An independent Board evaluation will – should – deliver an added-value report for the Chairman and the Board. Getting the most value that you can from this exercise depends on many factors, but here are the main ones.
- Choose an evaluation partner which offers the best ‘fit’ for your Board and your company. This is not the same thing as choosing someone who has in-depth experience of your sector. This may be important to you, especially if your activities are highly regulated and you want to appoint someone with that same experience. But in fact, an evaluation is not looking at what you do as a company. For example, it is not our place to comment on the validity of your strategy, but rather to assess the processes you use, and to check on the alignment of Board members. It is more important to choose an evaluator whose style is compatible with your Board.
- Make sure that all Board members and any other people who will be taking part, are fully committed to the process. We can always tell at once if individuals on a Board do not ‘buy in’ to the process – and rarely, we have met Boards where all or most of the participants clearly did not want to do it. This is rare nowadays. It is also a complete waste of time and money. The more effort and commitment the Board puts in, the better will be the outcomes. A good evaluation team will make the process as easy as possible for your Board, so really, all that is asked of you is to help shape the format, read and prepare – and turn up, ready to fully engage.
- Use the opportunity to really think about the way your Board operates. Aside from being a corporate governance requirement, a Board evaluation is a chance to reflect in some depth on many areas of your activities and behaviours. In the busy annual cycle of Board and Committee meetings, this opportunity may not always be present. But this is that chance. Make sure you use it fully.
- Tell the evaluator about known areas of Board difficulty, if there are any. We are not looking for trouble, and it is rare to unearth issues that are a shock or a surprise to the Board. But if you are aware that there is an aspect of your Board’s operations or behaviour that needs focus, tell us. This will enable the team to draft the questions in order to tease out these issues and will certainly make sure you get the best value you can from the evaluation.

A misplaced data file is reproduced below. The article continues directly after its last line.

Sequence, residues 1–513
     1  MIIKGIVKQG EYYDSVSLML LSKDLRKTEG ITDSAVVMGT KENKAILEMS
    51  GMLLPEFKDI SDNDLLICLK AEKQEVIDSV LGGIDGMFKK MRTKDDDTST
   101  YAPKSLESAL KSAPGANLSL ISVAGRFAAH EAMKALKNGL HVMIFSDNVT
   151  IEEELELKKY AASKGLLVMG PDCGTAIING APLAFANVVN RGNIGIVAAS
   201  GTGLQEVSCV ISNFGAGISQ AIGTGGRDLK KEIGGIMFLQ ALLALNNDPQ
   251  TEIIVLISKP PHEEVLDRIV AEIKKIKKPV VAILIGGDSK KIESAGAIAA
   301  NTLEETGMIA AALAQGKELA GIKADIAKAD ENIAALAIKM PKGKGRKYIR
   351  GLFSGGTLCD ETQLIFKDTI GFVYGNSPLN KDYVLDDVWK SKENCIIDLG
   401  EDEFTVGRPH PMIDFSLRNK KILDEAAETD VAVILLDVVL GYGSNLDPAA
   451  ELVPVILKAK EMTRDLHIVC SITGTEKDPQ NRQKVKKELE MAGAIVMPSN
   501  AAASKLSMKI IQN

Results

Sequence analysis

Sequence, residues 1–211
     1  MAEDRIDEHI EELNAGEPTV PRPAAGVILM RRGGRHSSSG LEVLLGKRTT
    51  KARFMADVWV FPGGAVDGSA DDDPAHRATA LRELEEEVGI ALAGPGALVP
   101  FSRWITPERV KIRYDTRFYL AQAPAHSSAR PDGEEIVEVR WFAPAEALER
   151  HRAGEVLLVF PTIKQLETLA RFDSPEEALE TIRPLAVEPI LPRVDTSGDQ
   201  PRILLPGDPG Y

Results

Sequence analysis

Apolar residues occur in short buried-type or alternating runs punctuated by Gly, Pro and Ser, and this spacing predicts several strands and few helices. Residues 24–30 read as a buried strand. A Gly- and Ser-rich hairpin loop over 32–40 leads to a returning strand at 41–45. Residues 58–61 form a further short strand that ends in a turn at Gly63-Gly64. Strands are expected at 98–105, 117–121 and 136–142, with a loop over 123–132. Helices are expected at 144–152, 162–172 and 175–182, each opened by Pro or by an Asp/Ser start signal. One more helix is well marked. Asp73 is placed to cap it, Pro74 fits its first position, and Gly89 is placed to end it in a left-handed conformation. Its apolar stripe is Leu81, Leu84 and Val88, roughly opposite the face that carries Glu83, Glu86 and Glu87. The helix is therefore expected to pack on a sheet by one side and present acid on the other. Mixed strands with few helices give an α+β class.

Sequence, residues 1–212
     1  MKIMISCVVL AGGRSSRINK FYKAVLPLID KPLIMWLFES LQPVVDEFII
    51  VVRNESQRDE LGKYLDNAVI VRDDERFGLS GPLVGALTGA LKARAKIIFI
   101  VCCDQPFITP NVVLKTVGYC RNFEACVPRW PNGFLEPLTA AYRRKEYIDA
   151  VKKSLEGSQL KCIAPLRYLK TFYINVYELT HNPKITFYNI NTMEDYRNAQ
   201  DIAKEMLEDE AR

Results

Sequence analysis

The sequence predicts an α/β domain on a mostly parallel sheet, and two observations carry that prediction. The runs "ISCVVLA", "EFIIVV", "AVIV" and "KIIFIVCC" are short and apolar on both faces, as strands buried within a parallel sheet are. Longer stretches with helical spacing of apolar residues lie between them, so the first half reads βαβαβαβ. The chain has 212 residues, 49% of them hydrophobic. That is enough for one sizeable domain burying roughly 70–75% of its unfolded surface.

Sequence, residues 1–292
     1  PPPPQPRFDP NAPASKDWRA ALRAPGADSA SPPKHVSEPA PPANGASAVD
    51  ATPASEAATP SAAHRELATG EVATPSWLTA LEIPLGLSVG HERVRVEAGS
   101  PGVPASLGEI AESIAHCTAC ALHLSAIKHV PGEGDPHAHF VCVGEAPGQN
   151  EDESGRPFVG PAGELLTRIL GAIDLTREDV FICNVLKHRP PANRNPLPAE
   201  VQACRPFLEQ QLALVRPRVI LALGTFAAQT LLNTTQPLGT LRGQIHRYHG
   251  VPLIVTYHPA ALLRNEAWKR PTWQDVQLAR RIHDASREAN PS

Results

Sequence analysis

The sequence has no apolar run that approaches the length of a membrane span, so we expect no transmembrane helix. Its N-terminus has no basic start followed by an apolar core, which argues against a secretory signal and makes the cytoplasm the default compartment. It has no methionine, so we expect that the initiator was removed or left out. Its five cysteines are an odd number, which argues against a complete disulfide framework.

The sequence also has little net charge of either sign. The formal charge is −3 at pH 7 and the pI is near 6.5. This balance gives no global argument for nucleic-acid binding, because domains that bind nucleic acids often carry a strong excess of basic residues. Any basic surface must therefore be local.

- Don’t see the evaluation as a static piece of work. Like all Board activity, an evaluation – a good evaluation – can be dynamic and offer forward-looking approaches for you to consider. This is not a shameless pitch for re-appointment, because if you have had the benefit of a good, down-to-earth report with practical suggestions, you can drive it forward. Don’t be afraid to ask your evaluating team to offer bench-marking points as well. Again, this is not about sector or activity, but is about Boards that are of a similar size, or composition, for example. We have experience of hundreds of Boards and it is entirely possible to offer you invaluable insights without in any way breaching client confidentiality.
- Don’t appoint an evaluator and expect a ‘tick-box’ outcome. Good evaluators take the work very seriously and your evaluation should be designed as a bespoke exercise. You should check that the evaluation is being tailored specifically for your Board, based on your input in conversations before the questions are drafted. And you should definitely check that your report will be written by the interviewing team and not be churned out of a programme-generated piece of software.
These are my top six. Contact me to talk about your Board.